This year has been full of great reads, thanks in part to the fact that I am part of so many book clubs. I now have to add Home Fire by Kamila Shamsie to this list, which I read this month for the Capital District Book Club. The genre that we selected this book for was “Books best read blind” meaning that you don’t know anything about the book. But even if you were to read the synopsis on the back cover, it can’t prepare you for the story that unfolds within its pages.
Home Fire is said to be a reimagining of Sophocles’ “Antigone” but I didn’t know that going in. The book opens with Isma, a British Muslim, who is detained in the British airport as she goes to board a flight to the United States. Isma is eventually let go and arrives in the US to pursue her dreams, but worry nags at her as she left her two siblings behind in England. She is especially concerned because her brother Parvaiz has recently been recruited to join ISIS, following in the footsteps of their late jihadi father. His twin sister Aneeka is left alone back in England.
The story moves along with each chapter providing each character’s perspective of the events as they unfold. We see how the unraveling of the once close-knit Pasha family unravel based on the decisions that each of them make, from Isma’s decisions after finding out what her brother had done and her decision to leave England, to Aneeka’s decisions to try to help her brother when he wants to come home. We also have the decisions of Aneeka’s boyfriend Eamonn, who is the son of the British Home Secretary Karamat Lone. Even Karamat’s actions against British Muslims has an impact to what happens to the Pasha family.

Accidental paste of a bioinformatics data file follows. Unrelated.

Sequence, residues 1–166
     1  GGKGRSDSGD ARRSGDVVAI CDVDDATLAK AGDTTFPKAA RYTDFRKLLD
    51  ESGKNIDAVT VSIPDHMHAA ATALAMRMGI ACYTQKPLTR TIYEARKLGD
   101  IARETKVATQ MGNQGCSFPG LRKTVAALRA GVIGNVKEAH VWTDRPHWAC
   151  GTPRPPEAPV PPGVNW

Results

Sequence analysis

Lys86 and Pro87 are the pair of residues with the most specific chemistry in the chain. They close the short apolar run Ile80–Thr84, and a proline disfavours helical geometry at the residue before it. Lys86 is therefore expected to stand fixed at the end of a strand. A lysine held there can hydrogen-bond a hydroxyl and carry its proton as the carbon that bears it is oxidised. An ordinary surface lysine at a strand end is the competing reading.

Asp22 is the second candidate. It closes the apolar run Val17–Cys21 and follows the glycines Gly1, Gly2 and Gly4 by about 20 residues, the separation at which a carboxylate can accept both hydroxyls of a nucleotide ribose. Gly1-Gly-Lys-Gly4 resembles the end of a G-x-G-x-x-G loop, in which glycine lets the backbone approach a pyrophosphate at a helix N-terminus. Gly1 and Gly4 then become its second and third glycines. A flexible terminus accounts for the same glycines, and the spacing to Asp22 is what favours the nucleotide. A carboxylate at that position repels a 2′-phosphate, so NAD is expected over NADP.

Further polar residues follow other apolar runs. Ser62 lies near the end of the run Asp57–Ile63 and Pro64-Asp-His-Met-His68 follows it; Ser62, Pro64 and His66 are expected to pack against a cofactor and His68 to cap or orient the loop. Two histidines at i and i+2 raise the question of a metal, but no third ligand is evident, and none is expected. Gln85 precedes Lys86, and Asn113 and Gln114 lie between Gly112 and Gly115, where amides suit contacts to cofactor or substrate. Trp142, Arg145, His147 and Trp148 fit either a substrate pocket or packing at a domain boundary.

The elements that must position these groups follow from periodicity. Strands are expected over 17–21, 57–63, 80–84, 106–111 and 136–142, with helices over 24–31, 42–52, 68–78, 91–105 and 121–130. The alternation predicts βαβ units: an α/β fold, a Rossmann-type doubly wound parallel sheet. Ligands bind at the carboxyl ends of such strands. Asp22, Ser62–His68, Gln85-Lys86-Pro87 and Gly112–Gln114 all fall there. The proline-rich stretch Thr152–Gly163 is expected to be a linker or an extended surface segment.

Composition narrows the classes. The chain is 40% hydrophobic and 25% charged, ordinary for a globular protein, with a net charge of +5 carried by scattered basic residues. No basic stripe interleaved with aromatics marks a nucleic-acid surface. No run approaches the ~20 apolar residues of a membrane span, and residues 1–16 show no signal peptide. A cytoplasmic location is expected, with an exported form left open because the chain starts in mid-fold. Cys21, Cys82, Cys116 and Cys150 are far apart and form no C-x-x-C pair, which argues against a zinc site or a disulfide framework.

Shamsie does a great job interlacing the back story of each of these characters into the plot so the reader can understand why they make the decisions they do. It results in a build up that ends in a cascading wave of events that leaves you completely sucker punched. I reached the last page and was ready to have a bittersweet ending. Rather it left me gasping and crying. It hits you in all the feels and leave you emotionally drained. I was kind of in a book hangover after reading this book.
Let’s just say I couldn’t wait to discuss this book with the rest of the group. And not surprising, almost everyone in the group loved it. There was some criticism over the change of pace to the last part of the book and one who thought it was unrealistic, but otherwise, everyone else felt that it was a powerful read that was well done. Despite that, we spent nearly two hours dissecting it. Discussion ranged from whether Aneeka and Eamonn’s relationship was true or based on manipulation; whether Isma was the one to really cause the fallout because of her actions following her brother’s recruitment; how ISIS recruits its members; the grieving process; the Muslim culture and so much more.
A woman in the group said it best when she said she learned more about this topic in a fictional read than she has by reading news articles. I totally agree with this statement and it is something I have felt throughout this year. I think that it says something about the writer when they are able to put the reader in the character’s shoes as if they are experiencing it first hand. Shamsie definitely does that and I can’t wait to read more works by her.